Page 73, Passage II:

           An anhtler, jaw of man, leg of unman,                  
           Seven Elven hond unbroken.                             
           Roond flames breathe;                                  
           Thee bohne yet braek, en thay whych be not nomenclated,
           Be rede with magick en sweete                          
           En upon thee morn, fynish thee grym faest,             
           Yet fore Xibar's eyes ryze.                            

We cannot be sure of the translation of this passage, nor does this portion hint at its purpose. The first two lines could be a list of material components, and if so, this would clearly be a Necromantic ritual. Alternately, this could be the instructions for the procedure of the incantation. "Jaw of man" could refer to the main speaker, and requires that he either be male or Human, or perhaps both. The next item in the listing, "leg of unman" is possibly a reference to either a female, or non-Human race, while the "seven Elven [hands]" could be implying a joined circle of seven people. Or, as noted earlier, it could grotesquely require the use of seven Elven hands, severed.

Disturbingly, the line "[And] upon thee morn, [finish] thee grym [feast]" lends credence to those who suspect this is indeed a Necromancy. As this is an abomination of magic, it is the author's suggestion that this passage be destroyed rather than further research carried on to its purpose.

Chapter Three: The Controversy Thickens.

Perhaps the most peculiar references within the vast tome are the ones that speak of Grazhir, the fourth moon eons since shattered. What makes Thee Mottl'd Tyxte's comments on the moon notable is the recurring usage of its existence in the present tense -- as if Grazhir was still intact during the grimoire's writing! This is seen by many as preposterous, and is generally accounted for by chalking it up to errors in the admittedly difficult translation process. Others have an unshakeable belief in this, and so the lines have been drawn on one of the more contested issues within the book.

Of the most controversial sections in the Thee Mottl'd Tyxte are the so-called "New Katamba" pages. These passages consistently refer to Katamba as recently tarnished, or recently blackened. A handful of very vocal sages insist this is proof that the book was begun before the destruction of Grazhir. For your perusal, here is such a reference, taken from the Devourer enchantment creation:

Page 83, Passage XI:

           Childe of daerk, theos pearly eoge is borne of flat liquyd snayls,
           Wyth Katamba's newe tarnish, taech in straemes.                   
           En wyth Nightshayde magick, fyll en be of hungered lyfe.          

Notice the usage of the term "eoge" for "eye." In other passages upon this same page, the far less archaic term "eye" is used. The "flat liquyd snayls" on the first line is a twisted reference to oysters, as modern usage of the Devourer enchantment easily proves. Also of interest is the reference to the Nightshade spell, which by the following description, sounds surprisingly like our modern Shadows spell.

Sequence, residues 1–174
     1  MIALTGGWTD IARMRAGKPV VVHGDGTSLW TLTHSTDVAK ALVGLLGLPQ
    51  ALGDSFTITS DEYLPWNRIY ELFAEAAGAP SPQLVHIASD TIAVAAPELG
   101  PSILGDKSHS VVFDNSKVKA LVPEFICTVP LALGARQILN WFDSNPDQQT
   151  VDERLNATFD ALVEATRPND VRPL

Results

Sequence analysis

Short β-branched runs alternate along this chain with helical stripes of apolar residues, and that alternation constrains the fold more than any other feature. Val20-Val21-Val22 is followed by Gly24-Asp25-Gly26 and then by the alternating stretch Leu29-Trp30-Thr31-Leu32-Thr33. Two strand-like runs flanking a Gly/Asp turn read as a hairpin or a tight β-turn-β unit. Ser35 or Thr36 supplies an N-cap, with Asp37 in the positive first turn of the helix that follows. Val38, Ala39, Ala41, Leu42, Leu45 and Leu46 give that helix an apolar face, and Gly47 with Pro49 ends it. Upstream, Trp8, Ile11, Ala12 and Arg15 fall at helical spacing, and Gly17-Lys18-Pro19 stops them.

Page 82, Passages III - VI:

           Nightshadye magick en shadeow eart fro daerk mona,                 
           Chantse, pushe awayt all lighte, en all lighte is pushed awayt,    
           Shadeow surroond, lurke en eart unbeknown.                         

Even novices can see that the second line, which refers to the "pushing away of all light," is identical to what could be said about the Shadows spell. However, this is actually a minor point considering the accompanying pictogram on the same page, in the place of passages IV, V and VI, which clearly shows a very Shadows-like spell formula.

This has led a number of mages, especially those who are rather anti-Tezirite in their political views, to cry foul over the Lady Erzebet Crowther's reputed perfection of the modern Shadows spell. It is claimed by these men that the renowned spell-crafter and Progeny member did not in fact create the spell, but stole it from Thee Mottl'd Tyxte. Such allegations have been hotly debated by Tezirites and Celestians alike. My own opinion is irrelevant in this matter.

Sadly, when Saist recovered the manual and triggered a use of its contents, portions of the book were utterly destroyed. Presumably this was a result of whatever magic Saist attempted to comprehend, but in the process the entirety of the spell research chapters was lost. The damage showed signs of unusual and possibly premature aging, and the only page not too fragile was apparently removed with a sharp knife long years before Saist found the grimoire. Those against Lady Crowther point to this as their sole evidence of her treachery; the Progeny holds fast to the fact that so much of the spells section was destroyed. In any event, we may never know the truth about the similarities between the Shadows and Nightshade spells.

Less controversial than the New Katamba and Shadows- Nightshade debates is the information about ancient sigils and enchanting. Most agree that the phrase "taech in straemes," or the shortened "taech," means to bind a sigil to an object. This is unusual in the fact that the word "taech," or at least its variations in both Old Gamgweth and Ancient Imperial, means simply "to touch." Could this mean that those who wrote Thee Mottl'd Tyxte used magic so heavily and thoroughly that it was thought of as mundane as any other action? Take for example, the following, from the creation of Unbending devices:

Page 127, Passage V:

           Footswell to Redestone en fro Eycemool in crones thay lay,    
           Awayt Durgaulda's taech in straemes, taech, en wyth thee two, 
           Aet for all mona magick, en all mona magick fell awayt.       

Here, we have a classic literary device used in Thee Mottl'd Tyxte. The first line outlines material components or amounts required for the processes. Next, we have a line or group of lines detailing the creation steps. In this case, the Durgaulda reference is misleading since it implies that such a sigil would be scribed twice, or that it does more than just lay the foundation for a working Conjunctive sigil. The final line or lines indicate what the expected result would be. In this particular example, the material component line is cryptic until one assumes that "crones" refers to precious metal, or some form of currency.

Again, the usage of commonly found items further enhances the idea that the authors of the text considered magic and non-magic to be interchangeable entities. Curiously, mages can't explain why a single platinum works as well as an equal value of copper, though alchemists believe it has to do with the "natural and invisible properties of the ores."